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The Soviets hold the village for now, but 4x Panthers backed up by a StuG IIIG will make short work of them soon….

The Basic Game in Panzer focuses on the Sequence of Play and utilizes a simplified damage resolution system. Most importantly, armor has only two factors, frontal (forward hemisphere) and rear (back hemisphere). In this simple matchup, the frontal armor of the Panther was impervious to all the Soviets guns beyond a range of 4 hexes (400 meters). The Youngest RMN Boy expressed extreme displeasure with this condition – he had read that one way to beat the Panther (or Tiger tanks) was hit it from the side or behind. In the Basic Game this is hard to do because the “frontal” armor covers the forward 180-degree hemisphere – there is just no “side” armor unless you are behind the tank! This led us to a discussion of the Advanced Game with a much more detailed hit location and armor penetration model. Both RMN Boys expressed a desire for a rematch using the Advanced Game rules because the Basic Game just “doesn’t feel right.” Youngest RMN Boy also commented that Panzer helps him understand World of Tanks better where a Panther is Tier 7 but the T-34/85 is a Tier 6.

Overall, I have to rate the RMN Boys first reaction to Panzer (Second Edition) as “guarded interest.” They didn’t dislike the game, but they immediately compared it to Conflict of Heroes: Awakening the Bear (Second Edition, Academy Games, 2012) which they have played often. They agreed with me that CoH: AtB is more a “game” and less a “simulation” whereas the Basic Game of Panzer is too much game in what should be more a simulation (meaning the Advanced Game is the “gamed simulation” Panzer should be).

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Courtesy Academy Games

The RMN Boys want to play Panzer again as they (especially Youngest RMN Boy) want to get into some of the details and experience what they have only read about in Osprey Books and the like. That said, they are also looking forward to the delivery of the new edition of Conflict of Heroes: Storms of Steel! 1943 – Kursk to see how the tank battles version of that series plays out.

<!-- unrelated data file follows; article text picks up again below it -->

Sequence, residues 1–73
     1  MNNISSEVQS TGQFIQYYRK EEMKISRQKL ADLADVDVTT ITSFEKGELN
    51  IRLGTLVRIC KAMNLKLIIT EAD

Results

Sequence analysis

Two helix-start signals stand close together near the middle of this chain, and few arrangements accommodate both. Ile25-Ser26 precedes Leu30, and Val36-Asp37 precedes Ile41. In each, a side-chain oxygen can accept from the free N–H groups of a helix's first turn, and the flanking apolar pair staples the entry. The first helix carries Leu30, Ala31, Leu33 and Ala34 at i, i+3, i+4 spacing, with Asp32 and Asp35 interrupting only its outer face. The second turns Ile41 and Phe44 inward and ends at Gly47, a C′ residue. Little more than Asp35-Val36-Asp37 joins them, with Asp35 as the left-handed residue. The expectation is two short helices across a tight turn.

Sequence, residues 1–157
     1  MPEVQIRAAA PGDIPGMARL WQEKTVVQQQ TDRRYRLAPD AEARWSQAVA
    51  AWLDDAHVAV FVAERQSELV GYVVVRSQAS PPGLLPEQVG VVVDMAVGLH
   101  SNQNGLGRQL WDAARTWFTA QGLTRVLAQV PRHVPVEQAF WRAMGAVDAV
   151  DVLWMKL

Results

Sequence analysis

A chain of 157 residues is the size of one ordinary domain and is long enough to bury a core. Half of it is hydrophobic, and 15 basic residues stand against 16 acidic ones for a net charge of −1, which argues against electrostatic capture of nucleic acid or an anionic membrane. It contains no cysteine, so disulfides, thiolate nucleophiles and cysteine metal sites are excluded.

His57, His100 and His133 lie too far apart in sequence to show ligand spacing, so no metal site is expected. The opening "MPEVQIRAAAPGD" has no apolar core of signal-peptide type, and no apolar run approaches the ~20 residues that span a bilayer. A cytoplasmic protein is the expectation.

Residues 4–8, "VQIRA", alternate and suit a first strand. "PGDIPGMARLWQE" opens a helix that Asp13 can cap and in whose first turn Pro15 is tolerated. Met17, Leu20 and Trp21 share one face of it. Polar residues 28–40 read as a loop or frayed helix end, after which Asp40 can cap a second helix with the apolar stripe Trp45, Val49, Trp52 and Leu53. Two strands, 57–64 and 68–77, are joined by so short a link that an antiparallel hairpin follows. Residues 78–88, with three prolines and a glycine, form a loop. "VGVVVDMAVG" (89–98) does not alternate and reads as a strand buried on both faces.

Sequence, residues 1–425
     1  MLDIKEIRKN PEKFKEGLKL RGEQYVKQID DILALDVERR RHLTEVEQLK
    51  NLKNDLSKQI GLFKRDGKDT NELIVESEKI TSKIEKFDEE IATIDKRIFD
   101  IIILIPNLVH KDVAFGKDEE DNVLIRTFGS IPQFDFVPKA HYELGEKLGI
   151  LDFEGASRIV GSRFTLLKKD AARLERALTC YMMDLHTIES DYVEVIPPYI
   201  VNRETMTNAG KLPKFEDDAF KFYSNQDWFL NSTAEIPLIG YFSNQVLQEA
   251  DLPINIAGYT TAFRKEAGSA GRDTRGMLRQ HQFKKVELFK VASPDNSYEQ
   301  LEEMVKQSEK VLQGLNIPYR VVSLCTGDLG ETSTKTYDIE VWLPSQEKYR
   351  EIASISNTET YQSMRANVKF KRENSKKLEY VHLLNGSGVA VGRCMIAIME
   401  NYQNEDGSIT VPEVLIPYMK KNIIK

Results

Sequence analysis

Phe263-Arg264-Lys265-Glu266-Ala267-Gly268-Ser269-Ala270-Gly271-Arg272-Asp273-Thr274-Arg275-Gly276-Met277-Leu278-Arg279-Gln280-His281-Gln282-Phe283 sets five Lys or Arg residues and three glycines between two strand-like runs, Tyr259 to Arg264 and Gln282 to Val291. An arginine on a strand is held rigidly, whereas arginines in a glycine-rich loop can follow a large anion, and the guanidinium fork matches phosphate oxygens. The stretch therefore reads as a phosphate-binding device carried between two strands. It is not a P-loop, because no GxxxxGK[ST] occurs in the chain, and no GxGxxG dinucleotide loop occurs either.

Panzer was my gateway game 39 years ago. It is good to see that 39 years later the game still ignites the imagination and promotes learning. The game has stood the test of time well, and I expect it to continue to do so into the future.

Featured image courtesy Roger MacGowan (@RBMStudio1 on Twitter)

#BookFinder July 2017

IMG_1705This Fourth of July holiday weekend I found a few books to add to the reading list and collection.

The French-Indian War 1754-1760 and The American Revolution 1774-1783 are both from the Essential Histories-series by Osprey Publishing. The author of both books, Daniel Marston, appears to be a professor of Military Studies at the Australian War College. Thus, these books are not written from a US perspective. This is a good thing; I strongly believe that reading other views of US history is useful for learning more about ourselves. I found these two at McKay’s Used Books where Osprey items are a bit pricy but often in good condition.

Bill O’Reilly’s Legends and Lies: The Civil War is a very new book (May 2017) that I found for a mere $9.99 at Costco. Being sold so cheaply so soon after release could be a bad sign. The few reviews on goodreads.com are generally positive but I will reserve judgement until after I read this one.

I have a wargame pre-order in for the second edition of Academy Games Conflict of Heroes: Storm of Steel! – Kursk 1943. So when I found The Battle of the Tanks: Kursk, 1943 at McKay’s I picked it up to help read-up on the battle in preparation for the game release later this year. It’s far more detailed than what is gamed in Storm of Steel! but it will also be useful for my other new game acquisition, Panzer: Game Expansion Set, Nr 2 – The Final Forces on the Eastern Front 1941-44 which expands Panzer (Second Edition) from GMT Games.

 

 

#WargameWednesday – Conflict of Heroes: Guadalcanal First Impressions

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Courtesy BGG

Conflict of Heroes: Guadalcanal – The Pacific 1942 from Academy Games is a 2016 Golden Geek Award Best Wargame Nominee. After reading some of the buzz and looking at comments on BoardGameGeek, I picked this one up in the hope that I could eventually play this with the RockyMountainNavy Boys. I like using wargames to teach a bit about what the situation or combat experience was like. In CoH:G what I found was a game of war that challenges many of my perceptions of what I see as a wargame.

CoH:G bills itself as a combined-arms squad-level game. The focus is on the US Marines battles on Guadalcanal from just after the amphibious landing in August 1942 through the arrival of regular Army units in October 1942 (and playable as an expansion). This was my first challenge; I needed to get past my bias for armor over infantry (always a Panzer/88/Armor fan over Squad Leader).